Garden City Telegram from Garden City, Kansas on October 11, 1962 · Page 1
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Garden City Telegram from Garden City, Kansas · Page 1

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Thursday, October 11, 1962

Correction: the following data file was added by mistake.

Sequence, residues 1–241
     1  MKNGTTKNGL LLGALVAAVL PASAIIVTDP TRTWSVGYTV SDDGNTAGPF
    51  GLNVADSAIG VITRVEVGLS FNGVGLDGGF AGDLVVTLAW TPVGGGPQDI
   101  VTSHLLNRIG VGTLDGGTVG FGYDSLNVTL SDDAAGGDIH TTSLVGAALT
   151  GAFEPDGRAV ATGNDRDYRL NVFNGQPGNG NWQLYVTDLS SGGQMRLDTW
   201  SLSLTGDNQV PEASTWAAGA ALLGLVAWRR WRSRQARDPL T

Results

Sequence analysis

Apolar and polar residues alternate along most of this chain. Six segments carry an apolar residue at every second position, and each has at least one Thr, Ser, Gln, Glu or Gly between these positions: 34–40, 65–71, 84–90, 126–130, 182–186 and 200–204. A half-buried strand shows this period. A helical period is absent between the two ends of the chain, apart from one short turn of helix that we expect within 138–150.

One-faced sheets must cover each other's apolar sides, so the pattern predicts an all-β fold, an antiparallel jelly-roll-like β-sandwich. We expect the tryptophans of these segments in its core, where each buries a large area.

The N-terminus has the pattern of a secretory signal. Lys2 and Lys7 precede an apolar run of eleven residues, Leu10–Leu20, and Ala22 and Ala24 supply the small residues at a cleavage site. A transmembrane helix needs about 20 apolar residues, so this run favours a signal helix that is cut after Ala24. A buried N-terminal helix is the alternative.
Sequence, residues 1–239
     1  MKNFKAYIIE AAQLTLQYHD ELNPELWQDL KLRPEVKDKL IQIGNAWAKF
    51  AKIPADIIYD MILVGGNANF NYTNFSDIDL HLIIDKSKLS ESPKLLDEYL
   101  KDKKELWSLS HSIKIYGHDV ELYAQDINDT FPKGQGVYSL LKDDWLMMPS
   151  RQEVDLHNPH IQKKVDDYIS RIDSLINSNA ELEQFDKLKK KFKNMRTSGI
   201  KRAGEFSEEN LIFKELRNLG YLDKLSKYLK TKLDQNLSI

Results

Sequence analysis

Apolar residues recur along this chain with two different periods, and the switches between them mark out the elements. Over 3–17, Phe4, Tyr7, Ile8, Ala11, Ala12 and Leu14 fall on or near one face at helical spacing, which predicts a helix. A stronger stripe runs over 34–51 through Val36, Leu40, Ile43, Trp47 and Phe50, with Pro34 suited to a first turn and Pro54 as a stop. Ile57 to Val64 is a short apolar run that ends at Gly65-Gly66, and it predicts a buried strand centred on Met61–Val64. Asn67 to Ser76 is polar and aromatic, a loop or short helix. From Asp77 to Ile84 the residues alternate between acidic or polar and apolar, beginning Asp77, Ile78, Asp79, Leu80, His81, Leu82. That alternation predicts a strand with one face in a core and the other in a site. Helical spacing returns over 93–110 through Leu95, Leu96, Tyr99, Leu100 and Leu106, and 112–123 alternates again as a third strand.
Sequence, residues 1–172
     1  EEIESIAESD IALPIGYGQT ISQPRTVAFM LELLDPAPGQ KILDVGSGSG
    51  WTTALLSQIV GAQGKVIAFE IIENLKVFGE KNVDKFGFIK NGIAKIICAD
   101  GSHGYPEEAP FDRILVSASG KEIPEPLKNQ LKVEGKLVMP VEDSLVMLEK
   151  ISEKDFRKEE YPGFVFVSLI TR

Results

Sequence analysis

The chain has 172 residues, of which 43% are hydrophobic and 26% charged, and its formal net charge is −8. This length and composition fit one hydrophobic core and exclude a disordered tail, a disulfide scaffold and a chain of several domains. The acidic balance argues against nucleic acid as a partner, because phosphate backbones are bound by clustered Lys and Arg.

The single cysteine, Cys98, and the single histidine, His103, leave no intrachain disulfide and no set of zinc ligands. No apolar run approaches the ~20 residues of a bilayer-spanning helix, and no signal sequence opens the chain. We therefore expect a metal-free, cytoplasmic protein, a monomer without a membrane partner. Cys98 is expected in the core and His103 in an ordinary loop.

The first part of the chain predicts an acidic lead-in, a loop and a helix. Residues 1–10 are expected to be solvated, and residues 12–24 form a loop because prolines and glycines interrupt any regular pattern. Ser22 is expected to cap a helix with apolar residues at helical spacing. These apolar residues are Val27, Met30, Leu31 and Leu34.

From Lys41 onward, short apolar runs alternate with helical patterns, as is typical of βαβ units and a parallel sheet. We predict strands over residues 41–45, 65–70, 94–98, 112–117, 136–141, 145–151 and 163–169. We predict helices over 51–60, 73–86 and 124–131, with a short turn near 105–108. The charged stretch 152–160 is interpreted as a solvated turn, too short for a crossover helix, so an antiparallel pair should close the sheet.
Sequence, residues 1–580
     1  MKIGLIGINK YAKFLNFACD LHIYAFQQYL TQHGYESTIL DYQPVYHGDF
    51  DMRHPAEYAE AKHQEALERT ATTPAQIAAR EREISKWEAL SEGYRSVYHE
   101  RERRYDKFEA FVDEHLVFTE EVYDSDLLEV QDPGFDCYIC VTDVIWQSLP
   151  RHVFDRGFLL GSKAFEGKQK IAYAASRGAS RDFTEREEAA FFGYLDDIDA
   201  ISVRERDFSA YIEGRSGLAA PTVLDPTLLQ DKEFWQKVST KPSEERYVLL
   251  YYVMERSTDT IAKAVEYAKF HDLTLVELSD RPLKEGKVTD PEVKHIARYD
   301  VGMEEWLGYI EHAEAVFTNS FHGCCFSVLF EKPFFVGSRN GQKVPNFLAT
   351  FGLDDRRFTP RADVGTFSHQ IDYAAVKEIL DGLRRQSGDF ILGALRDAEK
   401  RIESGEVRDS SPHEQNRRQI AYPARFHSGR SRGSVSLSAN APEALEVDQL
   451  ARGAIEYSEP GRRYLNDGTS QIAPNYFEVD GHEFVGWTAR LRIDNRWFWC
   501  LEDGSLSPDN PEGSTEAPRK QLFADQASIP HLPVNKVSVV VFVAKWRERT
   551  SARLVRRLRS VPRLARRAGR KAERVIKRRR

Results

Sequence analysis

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f Garden City Telegram 1 p.m. T«mfMratur# 89 Vol. 33 GARDEN CITY, KANSAS, THURSDAY, OCTOBER II, 1962 10 Pagei No. 292 Snag in Negotiations Delays Release of Cuban Prisoners Kennedy Signs Bill to Boost Postage Rates WAIST-DEEP IN A LUSH field of irrigated milo — Golden Acres 77 variety — four members of the Money Maker Milo Club tour examine th.e crop owned by Paul Hays. The Telegram Plioto plot is one of 10 visited yesterday. Pictured are, from left, Les Worf, B,ob Fuller, Gerald VanVleet and Larry Lohmeier. garden'- ing Garden Citians who fought to save Stevens Park weren't much different than citizens of other communities. Someone has mailed us a clipping from Sunday's Kansas City Star about what has been happening in Paola, Kan. Seems this town also has a downtown park called "Park Square" and located in the center of the business area. It's reported as being well shaded by elm and hard maple trees, and the block was deeded to the city in 1871 with the provision that it shall be forever used as "public ground." Recently a group of Paola businessmen came up with a plan for two parking strips in the park and presented it to the city council. This aroused members of the Business and Professional Women's Club who then waged a successful campaign to keep vehicles out of the park. But in addition to fighting off the parking plan, the BPW also is planning to construct new walks in the park. Now that Stevens Park has been saved, a beautification project should be started next spring. The Telegram is looking for a Bruce McMillan — who must be about 10 cr 11, and we think lives on Rt. 1. We've tried the variour. schools, both here and in the county, and also the telephone company but haven't been able to locate him. He happens to be a national prize winner in the Telegram's Young Hobby Club contest, and his prize has arrived at the' Telegram. So if fas will drop fry, We will make the presentation. * * * This editor is taking off later today (w* hope) for a newspaper meeting in Chicago, and is due to return a week from today. We mention this only because with the number of telephone calls, direct messages and other communications which arrive daily, someone should know we are out of town. (The wife too). Mail Robbery Progress Made ST. LOUIS (AP)—Progress is being made in the solution of the $1,551,277 mail robbery near Plymouth, Mass., Aug. 14, Henry B. Montague, chief U. S. postal inspector said Wednesday. "We are going to solve it," Montague, who is attending the meeting of the International Association of Chiefs of Police, said here. He said a reward of $50,000 is the largest offered in any case in history. The reward is being offered by the Post Office Department for information leading to the arrest and conviction of the robbers. Montague also said a drive launched in March. 1961. by the government, has resulted in the arrest of 005 persons during the fiscal year ended last June 30 for the sale of obscene literature. He said there have been 503 convictions of the cases wrought to trial. 45 Persons Take Annual Money Maker Milo Junket The Finney County Money Maker Milo Club tour Wednesday afternoon was termed a "huge success" by officials. Forty-five businessmen and farmers attended. Kenneth Fromm, county agricultural agent, said it was the largest group ever to take the tour. Ten milo plots were visited, with a different variety seen at each. They were those of Charles Olomon, Jr., Paul Hays, Douglas McClure, Jake Dechan,, Roy Harms, Ed Theissen, Virgil Brown, Clyde Smith, Otis Bond and George Evans. Milo plots of Herb Harms and Wayne Wheeler were scheduled on the tour, but the plots had I been cut. * The group ended the tour at City's Street Seal Program Finished Garden City's street sealing program for 1962 has been completed, with approximately 160 blocks treated to th e sand and asphalt cover. City Manager Deane Wiley, in his report to- the Commission yesterday, said that street crews No Injuries in 2-Car Collision No injuries resulted in a two- car crash 2 miles West of Garden City on US50 shortly after 10 a.m. today . Mrs. Mamie Mundell, 75, Walsh, Colo., was taken to St. Catherine Hospital for examination and released;. She and her husband, Felix, 72, were passengers in a car driven by their daughter Jane Louise! Mundell, 39, of Denver. The Mun- \ dell ear collided with an auto! driven by George S. Knox, 90, 609 ' N. 6bh. • 1 Highway Patrol Trooper Dick Elder said Knox was attempting to make a left-hand turn off the highway when the Mundell car struck him. Sheriff Wendle Meier assisted Elder in the investigation. Knox was charged by the Trooper with failure to yield right-of- j wa'y. I are now in the process of picking up surplus cover material on the treated streets. He also reported that the water department is near completion of the main extension to serve the new water well in the north part of Finnup Park. Henkle Drilling and Supply Co., who drilled the new well, also is completing other work on city water wells. Wiley Deported that park department crews are making satisfactory progress in razing the former Walls building just north of th e Telegram. The structure is being leveled in- preparation of the site as a municipal parking lot. He said the workman who was injured' last week, John Baier, suffered two fractured vertebra and a left wrist. He was released from the hospital this past weekend, and is reported in good condition at his home. A public open house for the city's new electrical generating plant has been set for Sunday, Nov. 4. The plant was put into full operation during the summer. Kansas Traffic Log TOPEKA (AP)—Kansas traffic death log: 24 hours to 9 a.m. Thursday—1 For October—17 For 1962-445 Comparable 1961 period—417 the Pawnee Acres Community Building about 6 p.m. where the Garden City Co-op sponsored a free dinner. Following the meal, a business meeting was conducted. Talks on the tour were given by Fromnv Lynn Russell, Mitch Geisler, manager of the Chamber of Commerce and Dale Edelblute, area agronomist. Sponsovs of the event were the Chamber of Commence Agriculture Committee and Finney County Agricultural Extension Council. During the meeting, it was suggested that next year's tour be conducted around Oct. 1 and earlier in the day. Sponsoring officials agreed that all the crops were excellent this year. Only discussion about the crops concerned seeding rate for dry and irrigated milo, use of herbicides and cultivation and weed control. Members also talked about early planting and harvesting in regard to higher yields. During the tour a guessing contest was conducted. Participants were asked to guess the actual weight of five heads of milo from each of the 10 plots. Winner of a transistor radio was Will A. Joseph, Topeka. Joseph is in Garden City visiting the Edel- felutes. He was also on last year's 100 Bushel Milo club tour. Six Young Hobby Club Winners Revealed Six new Young Hobby Club winners • were announced today by Cappy Dick, author of the daily Telegrar- series. They will receive sets of miniature tools offered as local prizes for the neatest and most original correct solutions to the pie puzzle published in th.e Wednesday, Sept. 26, contest. Winners are Mary Ann Burgardt, 10, Rt. 1; Rhonda Boles, 6, 305 Davis; Jimmy Morrow, 11, 322 N. llth; Adela Martinez, 11, Rt. 1; Teresa Weillson, 1305 13th; and Chip Linn, 11, 804 Pearl. Another contest appeared in yesterday's Telegram. Trade Measure Gives Unprecedented Power WASHINGTON (AP)—President Kennedy signed the trade expansion bill today and put into the economic arsenal what he called "a vital new weapon" for the cause of freedom. The bill gives the President unprecedented power to cut or eliminate tariffs on many items and to cooperate with the boon- ing Common Market in Europe. Kennedy predicted that the legislation can bring "a dynamic new era of growth." Together, the United States and the Common Market represent "the greatest aggregation oi' economic power in the world," Kennedy said, adding that now they will have an opportunity to work together in maintaining this preeminence. Administration leaders hailed the bill as the crowning legislative achievement of Kennedy's first two years in the White House. i The new trade program receive j strong support from both parties | and from leaders of business and i organized labor. I Opposition from protectionist groups was not as harsh as had been predicted, since the measure provides help for industries a.id workers when imports cause loss of business and jobs. The administration was unable to block a provision that 'would restrict trade with Poland and Yugoslavia. But otherwise, Congress gav e Kennedy almost exactly what he requested, plus ad- 1 ditional authority to counter unjustifiable import barriers erected by other countries against Ameican products. The special authority to work out economic arrangements with the Common Market is regarded by the administration as the heart iof the bill. The booming six-nation area Is looked upon as a potential vast new market for sales of American consumer goods and farm surpluses. The six nations in the market are West Germany, France, Italy, Belgium, 'the Netherland and Luxembourg. Great Britain is negotiating to become a member. The bill extends for five years, to June 30, 1967, th e 28-year-old reciprocal trad e aUre-jments last initiated by Secretary of State Cordell Hull in Franklin D. Roosevelt's first term. It gives the President authority in negotiating new trade pacts to out all U.S. tariffs by 50 per cent. In addition, he may negotiate for the complete eliminatio n of duties on items for which the United States and the Common Market account for 80 per cent of world trade. By JOHN BECRLER WASHINGTON (AP)—President Kennedy today signed a bill raising postage rates, and 'boosting salaries for more than a million federal employes. Kennedy hailed it as an important step toward putting the postal system on a self-sustaining basis and making federal jobs more attractive.,^ Among the changes: First class mail will cost five cents, air mail eight cents beginnisg next Jan. 7. With legislators who worked on the bill and representatives of Townships to Elect Extension Council Officers Election of Extension Council representatives will highlight the annual Achievement Night at Alta Brown School Monday starting at 7:30 p.m. An agriculture, 4-H club and home economics representative will be elected from four townships — West Garfield, Garden City, Pierceville and Snerlock. These representatives will serve a two-year term on the Extension Council. A program will be given. Mrs. Elsie Branden, county home economics agent, and Kennelih Framm, agriculture agent, will present reports, complete with slide pictures, of the past 'year's activities in all three fields. Refreshments will be served following the meeting. Mrs. Branden said the meeting is open to all persons, whether they live in the four townships or not. She also said that the elected Extension officials may not ! be elected for more than two two-year terms. Yemen Thinks Itself in War CAIRO (AP)— The deputy premier of the Yemeni rebel regime was quoted today as saying Yemen considers itself "in a state of war with Saudi Arabia" but his words were received with reserve here. Shortly 'before the report came out of Yemen, the government of the United Arab Republic pledged all its resources to resist any attack on the rebel regime. It accused Saudi Arabia . nd Jordan of aggression on Yemen's northern frontier. The statement by Yemeni Deputy Premier Abdul Rahman Bay- dany was carried by the U.A.R. news agency, but there was nothing to indicate he was speaking officially. In a dispatch from the Yemeni capital of Sana, the agency quoted Baydany as saying Saudi Arabia had massed troops on the border and had slipped arms into Yemen. He said such uci.s were considered an attack on the rebel regime. "This leads the Yemen government to consider itself in a state of war with Saudi Arabia," Bay- dany added. postal unions watching, Kennedy put his signature to the legislation in his White House office as bhe first item on his day's schedule. Kennedy, reading from a statement, said the new postal rates would bring in additional annual revenue amounting to $600 million. The new law provides "broad reform" and flexibility in postal system salaries and puts them at a levol which would help to prevent large-scale "attrition to private industry," he said. Kennedy said the salary increases wouM help attract more capable people into federal employment and contribute to better productivity. The legislative package signed into law combines two of Kennedy's major legislative proposals- pay increases and salary reform for 1.6 million federal workers, •and new revenue to help run the deficit-ridden postal service. The pay section of the bill calls for two-step raises averaging 9.6 per cent for 1 million "white collar" workers, and* 11.2 per cent for 600,000 postal clerks and letter carriers. The first step goes into effect next payday, the second step on Jan. 1, 1964 . Cost of the increase will be $1.05 billion. The new postal rates—chiefl'y a one-cent increase in first-class and airmail stamps, with smaller increases for second and third class users — are intended to bring in $600 million in new revenue after three years. The new first class and air mail rates begin Jan. 7, 1963, but most of the second and; third class increases are spread over three years, starting in January. Of the $600 million in new revenue, $459 million will come from the added penny on first class and air mail stamps. Second class users — mostly magazine and newspper publishers—will have their mailing costs increased by $27.4 million after three years, chiefly through three annual increases of 4 per cent for editorial matter, andi three 10 per cent increases for advertising matter. New third class rates will bring in $93.7 million in new revenue, -39.5 million of it through an increase from 2Vi '•cents per piece of bulk advertising mail to 2% cents after three years. The rate for a single piece of third class mail goes up from 3 cents to 4 cents, bringing in an additional $34.5 million. This is the class used by those who send Ohristmia's cards with the envelopes unsealed. HAVANA (AP) — Negotiations hit a snag Wednesday night and the release of 1,113 Cuban invasion prisoners was delayed again. But Prime Minister Fidel Castro planned further talks wiitfli negotiator James B. Donovan, possibly later today or Friday. The talks between Castro and the New York attorney were expected to end Wednesday night. But after tlte two met for four hours in the presidential palace,"a spokesman for the Cuban prisoners' families. committee said: "Certain points have to be revised and this will tak« two or three further meetings. There was nothing to indicate that the snag was caused by the cladm of Cuban exiles that they raided the Cuban north coast port of Isabella de Sagua Monday killed 20 persons. There has been no confirmation of the raid nor any comment on the exiles' claim in Havana. The committee's spokesman would not say what caused the hitch in negotiations but emphasized there would be further meetings, possibly today or Friday. As the negotiations dragged on, informants in Havana said Pan American Airways has offered to fly the prisoners to Miami as soon as an agreement is reached. The prisoners were captured in the Bay of Pigs invasion in April 1961. Castro originally asked $62 million in cash for the release of all those captured. Donovan reportedly has offered medicine and foodi is lieu of cash. Relatives or friends toave paid for the release of a few captives, and 60 sick or wounded prisoners were returned to Miami last April. Informed sources In Washington say the U.S. government will pay for a shipment of about $13 million in medicine and food to Cuba if the prisoners are released. Funds raised 'by friends and relatives of the captives in the United States and Latin American presumably will make UID the remainder of the ransom demanded by Castro for their release. Any U.S. payment to Castro is expected to kick up an uwoar in Congress. Sen. John J. Williams, TM>el., and Sen. John Stennis, D- Miss., told the Senate they oppose •any ransom payment. Reports circulated in Washington that Donovan Was acting for the administration in the negotiations as well as for the families committee. But Edwin Guthman, Justice Department information officer, denied a story in the New York World-Telegram and Sun that Atty. Gen. Robert F. Kennedy asked Donovan to take on the assignment last June, saying the White House had a moral obligation to obtain the release of Cubans captured in an invasion the United States allowed to go ahead. An informed, member of Congress insisted, however, that Donovan is acting as an agent for the administration with the full approval of President Kennedy and the attorney general. Garden Sass Gus Garden Is wondering if he will need to muster more strength next year to lick a 5-cent stamp. Friday Likely Target Demos Push Adjournment Massive Support For Macmillan LLANDUDNO, Wales CAP) — Prime Minister Macmillan's government won overwhelming support from his Conservative party conference today for taking Britain into the European Common Market. Passionate pro-European speeches by Deputy Prime Minister Richard A. Butler and Deputy Foreign Minister Edward Hoal.i called on Britain to accept her destiny and help lead Eurcpe and the world to lasting peace and prosperity. By a show of hands, the 4,500 delegates gave massive support to a motion calling on the government to continue the Brussels negotiations to link Britain with the six Common Market nations. An amendment hostile to the Common Market was defeated, also on a show of hands. By JOE HALL WASHINGTON (AP) — Democratic leaders struggled to bring the 87th Congress to a close today but conceded that Friday night was a more likely target for adjournment. j Sen. Hubert II. Humphrey of Minnesota, assistant Democratic leader, said he had not entirely abandoned hope for closing shop tonight but that the hope was a dim one. House leaders confidently predicted final adjournment late Friday. Little progress was made on Wednesday in disposing of the few key bills remaining and no action j was scheduled for most of them . today. But nearly every important measure left was in a position to be moved, quickly to the White House if only a few bitter disputes could be settled. Numerous behind - the-scenes conferences were called Wednesday, with White House prodding clearly in evidence, and the leaders said substantial progress was made on their thorniest problems. One source, who asked not to be identified, said President Kennedy told Democratic leaders in no uncertain terms at a White House conference earlier in the week that he want s Congress out of Washington. Kennedy was reported to have remarked acidly that while he was out campaigning for more Democrats in Congress, the Democrats there weren't helping Formula To Combat Delinquency ST. LOUIS (AfP)-A California police chief said Wednesday juvenile delinquency could be wiped out if young people were taught to understand the problems of law enforcement. Police Chief Horace V. Grayson of Bakersfield, Calif., said delinquency arrests in Bakersficld have decreased 20 per cent since the department began operating a program five years ago in which high school students accompany police officers in th¥ field. Speaking at the International Association of Chiefs of Police meeting here, Grayson said, "with sufficient understanding and support from the' young poeple the delinquency problem will cease to exist." Russell L- Dearmont, viceipresi- dent of the St. (Louis Board of Police Commissioners, called on. industry and 'business to enter the fight against crime if law enforcement is to accomplish anything more than a "holding action." James J. Rfcwley, chief of the U.S. Secret Servic*, also called for public" cooperation if full •mutual benefit rs to be obtained. "The farces of organized crime are quick to exploit lawlessness when encouraged by a listless or indifferent public," he said. Deputy Commissioner George B. McOlellan of the Royal Canadian Mounted Police, coupled the steady increase in crime statistics and the deteriorating public image of the peace officer as the major problems for police today. Walker to See Psychiatrist DALLAS (AP)-A defense lawyer said Edwin A. .Valker, the former major general accused of fermenting integration riots at the University of Mississippi, would meet with psychiatrists.to night. Federal authorities released Walker under $50,000 bond Saturday night, stipulating that he must report within five days ta Dr. E. L. Stubblefield of Southwestern Medical School in Dallas. Walker was changed with insurrection and seditious conspiracy after his arrest at Oxford, Miss. He was held briefly at the federal prison and medical center in Springfield, Mo. The Denison Herald disclosed Wednesday that the former general was resting at a swank resort on nearby Lake Texoma. matters by squabbling and giving the impression they couldn't even adjourn. Kennedy himself removed one big stumbling block by his last- minute signature on the pension bill for the self-employed. This meant that Sen. George A. Smathers, D-Fla., chief Senate,, siponsor of the measure, would remove his objection which has helped block consideration of a final supplemental money bill. He cast his objection to 'delay adjournment and keep Congress in town in case Kennedy vetoed the pension measure. However, Sen. Richard B. Russell, D-Ga., did not withdraw his ! Community House tonight, objection. | Dinner will be served from Farm Bureau Meeting Tonight Four new board members and delegates to various meetings will be elected at the annual meeting of the Finney County Farm Bureau at the Plynjell He is leading the Senate in another round of tug-of-war with the House over prestige. This round involves a $5 billion agriculture appropriations bill. He has been insisting on funds for construction of a number of new agriculture research facilities which the House opposes. The Senate voted Wednesday to put Congress on record backing any action, including the use oS military force, needed to uphold Western rights in Berlin. Passage of the Berlin resolution was by voice vote. The House had ap proved the resolution earlier. Both branches sent to Kennedy on Wednesday a $2,025,895,700 appropriations measure to run the State, Justice and Commerce Departments. This left four money bills to be acted on, including the supplemental »nd the farm measure. 7:30 p.m. Walter Peirce, president of'the Kansas Farm Bureau will be the principal speaker. The business meeting is sch,ed- uled to begin at 8 p.m. The Weather Fair and warmer through Friday" with light south to southwesterly winds; afternoon highs in upper 80s; lows in lower 50s to lower 60$. Sunrise: 6:53 Sunset: 0:08 Max. Min. Free. LaJunta 76 45 Dodge City 88 57 Euiporia 81 65 GARDEN CITY S8 50 Goodland 88 41 Hill City 88 46 Lainar 90 43 Russell _ 89 68 Sallna _ 81 70 Topelra. , 82 67 Wichita ,__ S6 M